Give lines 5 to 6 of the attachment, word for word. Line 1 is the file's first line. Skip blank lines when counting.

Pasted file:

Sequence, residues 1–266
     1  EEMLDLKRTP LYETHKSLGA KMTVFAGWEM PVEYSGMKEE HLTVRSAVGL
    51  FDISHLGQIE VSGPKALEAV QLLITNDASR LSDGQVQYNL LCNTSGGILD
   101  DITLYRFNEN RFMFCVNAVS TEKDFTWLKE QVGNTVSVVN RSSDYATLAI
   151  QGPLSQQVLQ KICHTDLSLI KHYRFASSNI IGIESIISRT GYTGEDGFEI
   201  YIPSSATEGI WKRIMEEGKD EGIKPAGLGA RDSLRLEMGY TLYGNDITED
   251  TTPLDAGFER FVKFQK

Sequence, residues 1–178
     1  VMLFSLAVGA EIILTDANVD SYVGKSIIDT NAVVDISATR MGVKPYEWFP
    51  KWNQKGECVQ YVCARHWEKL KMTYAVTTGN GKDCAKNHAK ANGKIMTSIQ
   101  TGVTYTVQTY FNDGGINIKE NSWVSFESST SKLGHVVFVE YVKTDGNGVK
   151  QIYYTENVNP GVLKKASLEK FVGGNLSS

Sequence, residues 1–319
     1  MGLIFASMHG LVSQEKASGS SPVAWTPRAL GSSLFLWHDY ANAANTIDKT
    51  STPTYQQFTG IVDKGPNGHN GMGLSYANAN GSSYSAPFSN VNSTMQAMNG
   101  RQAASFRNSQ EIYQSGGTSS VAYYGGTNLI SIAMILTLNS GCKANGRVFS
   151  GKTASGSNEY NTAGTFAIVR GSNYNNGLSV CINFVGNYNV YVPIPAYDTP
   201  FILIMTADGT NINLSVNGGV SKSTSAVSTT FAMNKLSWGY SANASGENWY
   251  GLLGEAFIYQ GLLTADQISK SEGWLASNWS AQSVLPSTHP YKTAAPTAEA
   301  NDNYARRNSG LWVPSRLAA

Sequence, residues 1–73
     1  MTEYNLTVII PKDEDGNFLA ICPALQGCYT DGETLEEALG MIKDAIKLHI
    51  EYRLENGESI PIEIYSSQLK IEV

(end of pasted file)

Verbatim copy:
   151  QGPLSQQVLQ KICHTDLSLI KHYRFASSNI IGIESIISRT GYTGEDGFEI
   201  YIPSSATEGI WKRIMEEGKD EGIKPAGLGA RDSLRLEMGY TLYGNDITED